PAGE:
Abstract: Delay Discounting (DD) is an index of impulsive choice, and research has shown that adolescent daily smokers discount more by delay than adolescent nonsmokers (Reynolds et al., 2007). However, little research has explored associations between DD and other known risk factors for cigarette smoking during adolescence. The current study compared DD and ratings of stress (Perceived Stress Scale, PSS) in two demographically matched groups of adolescents: daily smokers (n = 50) and nonsmokers (n = 50). Daily smokers had significantly higher cotinine levels (metabolite of nicotine) than nonsmokers, thus verifying cigarette smoking status. The daily smokers discounted significantly more by delay than the nonsmokers [p < .01]. Similarly, smokers reported greater levels of stress than nonsmokers [p < .01]. Also, DD and PSS ratings were significantly correlated [r = -.269, p < .01], with higher levels of stress associated with more discounting by delay. Using a binary logistic regression, DD and PSS ratings were determined to be significant, independent predictors of adolescent smoking status. These findings generally indicate there is an association between DD and self reported stress in adolescent smokers and nonsmokers. However, when considered together, DD and stress ratings were each significant independent predictors of smoking status.
Relationship between impulsivity, risk taking, time perception and time perspective.
ANA A. BAUMANN (Washington University), Amy Odum (Utah State University)
Abstract: The present study aimed to evaluate (a) the extent to which different impulsivity and risk taking measures would be related to each other and (b) the extent to which impulsivity, time perception and time perspective are related to each other. One hundred and forty three participants were exposed to the delay discounting, probability discounting and temporal bisection tasks and answered the Barratt Impulsiveness Scale (BIS-11, Patton, Stanford, & Barratt, 1995) and the Zimbardo Time Perspective Inventory (ZTPI, Zimbardo & Boyd, 1999). Results showed that the Non-Planning subscale, but not the other subscales, was related to the AUC of delay discounting. The AUCs for delay and probability discounting were positively correlated with each other. The outcomes of the temporal bisection procedure, as well as the scores on the ZTPI were correlated with the AUCs for delay discounting, and the scores on the ZTPI were correlated with the scores on the BIS, suggesting that time perception and time perspective are related to impulsivity. Interestingly, scores on the ZTPI were correlated in a similar way to probability discounting, suggesting that risk taking can also be affected by time perspective.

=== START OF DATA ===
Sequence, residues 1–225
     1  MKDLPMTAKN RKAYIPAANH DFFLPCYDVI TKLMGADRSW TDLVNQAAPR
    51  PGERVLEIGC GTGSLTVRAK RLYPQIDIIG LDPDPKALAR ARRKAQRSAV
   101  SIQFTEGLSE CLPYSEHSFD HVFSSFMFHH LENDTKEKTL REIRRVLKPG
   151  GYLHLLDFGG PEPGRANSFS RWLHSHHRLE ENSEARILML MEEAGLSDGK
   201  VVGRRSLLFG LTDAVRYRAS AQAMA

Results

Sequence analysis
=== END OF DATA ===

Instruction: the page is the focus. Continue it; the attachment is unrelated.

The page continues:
The use of diverse disruptors to inform methodological and theoretical concerns of timing
ERIN A. MCCLURE (University of Florida), Kathryn A. Saulsgiver (University of Florida), Clive D. L. Wynne (University of Florida)
Abstract: When determining how animals come to time intervals in the seconds to minutes range, a variety of disruptors have been used to provide insight into the controlling mechanisms of this adaptive behavior. The problems in this endeavor have proved to be methodological and theoretical. The most common drugs used in the study of timing in non-human animals have been compounds that affect dopamine systems in the brain, which are implicated in neurologically-based accounts of timing behavior. Recent results from our laboratory have failed to support many of the theories of timing currently popular in the literature. The current study uses various pharmacological agents (d-amphetamine, haloperidol, and nicotine), as well as non-pharmacological disruptors (pre-session feeding and extinction), to provide evidence for a unified theory of timing that accounts for a diverse array of disruptors. The current study also assesses procedural differences in the timing literature that have been largely overlooked, but could potentially play a role in differential results and interpretations. Only when methodological and theoretical issues in the timing literature are reconciled will we be able to contribute to the understanding of the role that temporal discrimination plays in delay discounting.